Centralized control of the Internet decreases resilience

In this Iraq war it appears the Internet failed first, followed by the
wireline telephone system, portions of the electrical grid. Iraq did not
have a cellular telephone service.

Part of the reason why Internet service was knocked out early was Iraq's
apparent centralized control. Uruklink had very little diversity or
redundancy, and appeared to route all of its traffic through a single
centralized point.

The Bahgdad telephone network was composed of 20 central offices, but
relied on four critical offices. It appears to have taken a few attempts
to disrupt the telephone network, but it eventually succumbed.

Broadcast television and radio had taken a beating, but Iraq appears to
have planed ahead and had extensive backup broadcast facilities and spare
parts. Broadcast service has been off the air for a few hours, but then
comes back.

Satellite services including satellite television and telephone service
seems to survived the longest. However, satellite services are eventually
controlled by a very few organizations. Although it may be difficult to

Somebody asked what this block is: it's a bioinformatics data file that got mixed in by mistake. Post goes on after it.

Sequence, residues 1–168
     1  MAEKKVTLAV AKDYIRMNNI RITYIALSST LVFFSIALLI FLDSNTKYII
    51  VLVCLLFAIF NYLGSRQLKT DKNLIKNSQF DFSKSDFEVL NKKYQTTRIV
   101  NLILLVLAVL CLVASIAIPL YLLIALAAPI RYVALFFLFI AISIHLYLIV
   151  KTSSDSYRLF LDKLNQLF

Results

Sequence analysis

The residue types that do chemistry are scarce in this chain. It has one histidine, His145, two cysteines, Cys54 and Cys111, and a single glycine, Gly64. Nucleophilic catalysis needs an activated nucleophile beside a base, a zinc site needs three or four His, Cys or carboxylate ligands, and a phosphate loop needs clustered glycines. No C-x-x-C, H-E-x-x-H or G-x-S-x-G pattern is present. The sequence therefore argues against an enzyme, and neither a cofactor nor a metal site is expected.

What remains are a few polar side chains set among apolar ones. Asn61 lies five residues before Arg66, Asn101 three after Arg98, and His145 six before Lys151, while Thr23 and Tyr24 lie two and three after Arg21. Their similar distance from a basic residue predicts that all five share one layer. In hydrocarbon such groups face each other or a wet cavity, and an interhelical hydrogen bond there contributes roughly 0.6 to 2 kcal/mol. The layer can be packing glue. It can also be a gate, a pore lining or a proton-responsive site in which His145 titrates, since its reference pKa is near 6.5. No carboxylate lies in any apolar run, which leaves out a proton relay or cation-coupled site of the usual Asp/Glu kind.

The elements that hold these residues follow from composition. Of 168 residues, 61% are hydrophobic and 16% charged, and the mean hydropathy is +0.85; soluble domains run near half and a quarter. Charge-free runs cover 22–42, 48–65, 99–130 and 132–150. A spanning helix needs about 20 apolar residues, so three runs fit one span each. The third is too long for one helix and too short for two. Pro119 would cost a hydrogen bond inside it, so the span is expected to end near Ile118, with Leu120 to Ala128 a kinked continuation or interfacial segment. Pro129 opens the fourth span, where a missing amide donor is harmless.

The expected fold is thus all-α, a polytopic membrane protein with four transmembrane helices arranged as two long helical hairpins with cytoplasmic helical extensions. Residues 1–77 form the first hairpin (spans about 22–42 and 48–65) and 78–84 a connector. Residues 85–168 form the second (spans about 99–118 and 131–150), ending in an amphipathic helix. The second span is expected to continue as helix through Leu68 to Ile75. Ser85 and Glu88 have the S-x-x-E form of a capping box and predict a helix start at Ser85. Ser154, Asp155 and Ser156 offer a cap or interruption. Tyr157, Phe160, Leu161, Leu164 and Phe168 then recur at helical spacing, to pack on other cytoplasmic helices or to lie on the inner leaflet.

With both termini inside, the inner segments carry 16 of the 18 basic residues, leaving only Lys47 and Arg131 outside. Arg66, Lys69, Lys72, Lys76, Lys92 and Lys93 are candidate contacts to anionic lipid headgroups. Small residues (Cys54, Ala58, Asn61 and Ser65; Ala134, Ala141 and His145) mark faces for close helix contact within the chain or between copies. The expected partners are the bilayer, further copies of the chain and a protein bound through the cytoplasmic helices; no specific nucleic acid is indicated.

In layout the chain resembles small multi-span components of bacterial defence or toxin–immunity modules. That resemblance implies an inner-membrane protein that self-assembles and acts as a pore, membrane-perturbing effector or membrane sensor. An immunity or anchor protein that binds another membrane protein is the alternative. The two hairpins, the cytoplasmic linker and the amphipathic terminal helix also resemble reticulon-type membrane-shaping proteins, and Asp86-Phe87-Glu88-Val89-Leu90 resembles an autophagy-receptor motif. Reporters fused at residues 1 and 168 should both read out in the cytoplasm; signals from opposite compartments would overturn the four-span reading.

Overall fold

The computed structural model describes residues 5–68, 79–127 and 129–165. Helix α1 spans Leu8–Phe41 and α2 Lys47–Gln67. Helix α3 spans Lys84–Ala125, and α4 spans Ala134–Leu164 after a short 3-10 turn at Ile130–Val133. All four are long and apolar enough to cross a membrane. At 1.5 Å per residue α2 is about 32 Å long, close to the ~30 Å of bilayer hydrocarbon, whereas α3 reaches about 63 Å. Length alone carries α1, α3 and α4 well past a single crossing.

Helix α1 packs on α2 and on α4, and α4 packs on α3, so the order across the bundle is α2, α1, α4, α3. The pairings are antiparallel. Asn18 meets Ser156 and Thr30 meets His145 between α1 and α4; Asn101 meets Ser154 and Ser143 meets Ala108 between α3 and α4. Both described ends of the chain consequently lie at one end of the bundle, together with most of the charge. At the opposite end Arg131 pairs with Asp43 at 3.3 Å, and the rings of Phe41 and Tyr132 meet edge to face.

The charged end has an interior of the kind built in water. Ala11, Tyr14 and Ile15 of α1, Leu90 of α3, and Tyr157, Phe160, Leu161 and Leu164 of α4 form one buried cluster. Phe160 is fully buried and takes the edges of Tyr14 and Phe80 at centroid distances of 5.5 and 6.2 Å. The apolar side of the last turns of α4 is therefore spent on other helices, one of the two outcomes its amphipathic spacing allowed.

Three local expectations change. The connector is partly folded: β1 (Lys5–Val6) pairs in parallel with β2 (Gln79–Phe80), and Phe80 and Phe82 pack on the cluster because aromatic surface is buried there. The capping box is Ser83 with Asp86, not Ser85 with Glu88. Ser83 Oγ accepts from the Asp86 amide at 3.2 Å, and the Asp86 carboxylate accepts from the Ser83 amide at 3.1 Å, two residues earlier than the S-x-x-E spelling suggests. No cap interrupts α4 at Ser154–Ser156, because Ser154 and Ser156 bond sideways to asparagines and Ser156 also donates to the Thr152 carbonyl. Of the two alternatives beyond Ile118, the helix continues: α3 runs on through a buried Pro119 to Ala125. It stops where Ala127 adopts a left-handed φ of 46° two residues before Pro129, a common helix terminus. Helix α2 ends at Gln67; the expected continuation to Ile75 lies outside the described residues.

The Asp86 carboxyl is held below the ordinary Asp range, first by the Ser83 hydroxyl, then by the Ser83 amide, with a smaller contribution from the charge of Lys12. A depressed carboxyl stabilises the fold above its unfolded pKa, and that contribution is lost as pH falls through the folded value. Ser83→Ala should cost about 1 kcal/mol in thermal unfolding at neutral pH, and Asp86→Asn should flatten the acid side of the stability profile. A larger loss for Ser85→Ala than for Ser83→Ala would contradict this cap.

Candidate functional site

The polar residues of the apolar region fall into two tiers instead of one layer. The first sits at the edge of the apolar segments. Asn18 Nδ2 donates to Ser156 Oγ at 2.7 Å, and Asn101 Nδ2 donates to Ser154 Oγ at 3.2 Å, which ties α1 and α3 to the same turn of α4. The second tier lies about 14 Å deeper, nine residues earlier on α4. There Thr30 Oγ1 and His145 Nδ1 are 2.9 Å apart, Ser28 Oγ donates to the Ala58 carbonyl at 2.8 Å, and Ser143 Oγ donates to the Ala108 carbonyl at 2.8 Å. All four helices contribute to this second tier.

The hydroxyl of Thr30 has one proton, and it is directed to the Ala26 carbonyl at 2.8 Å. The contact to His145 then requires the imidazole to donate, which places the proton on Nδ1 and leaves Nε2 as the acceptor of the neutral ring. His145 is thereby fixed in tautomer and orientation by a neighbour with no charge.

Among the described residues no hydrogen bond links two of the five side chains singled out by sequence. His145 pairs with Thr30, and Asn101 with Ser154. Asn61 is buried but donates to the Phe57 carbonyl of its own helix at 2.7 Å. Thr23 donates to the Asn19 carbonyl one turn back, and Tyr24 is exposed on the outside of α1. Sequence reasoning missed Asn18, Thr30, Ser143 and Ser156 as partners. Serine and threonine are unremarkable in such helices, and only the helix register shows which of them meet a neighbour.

attack on the ground, pressuring international satellite providers to turn
off transponders is possible.

  In recent days, telephone exchange bombings have isolated many of the
  city's 5 million residents. At least six phone centers have been hit,
  and most phone lines are down. Intermittent service within certain
  neighborhoods was still available on Wednesday.

  ``I can only reach the Sheraton Hotel across the road,'' said the
  Palestine Hotel operator. Foreign journalists who remain in Baghdad are
  staying at the hotel. ``I have no work to do,'' the operator said. ``No
  local calls and no international calls.''

  "Bombed telephone exchanges have offered the most graphic scenes of
  destruction - thousands of wires splayed out like a gaping wound, with
  furniture, computers, and wall insulation everywhere, but everything
  nearby left alone."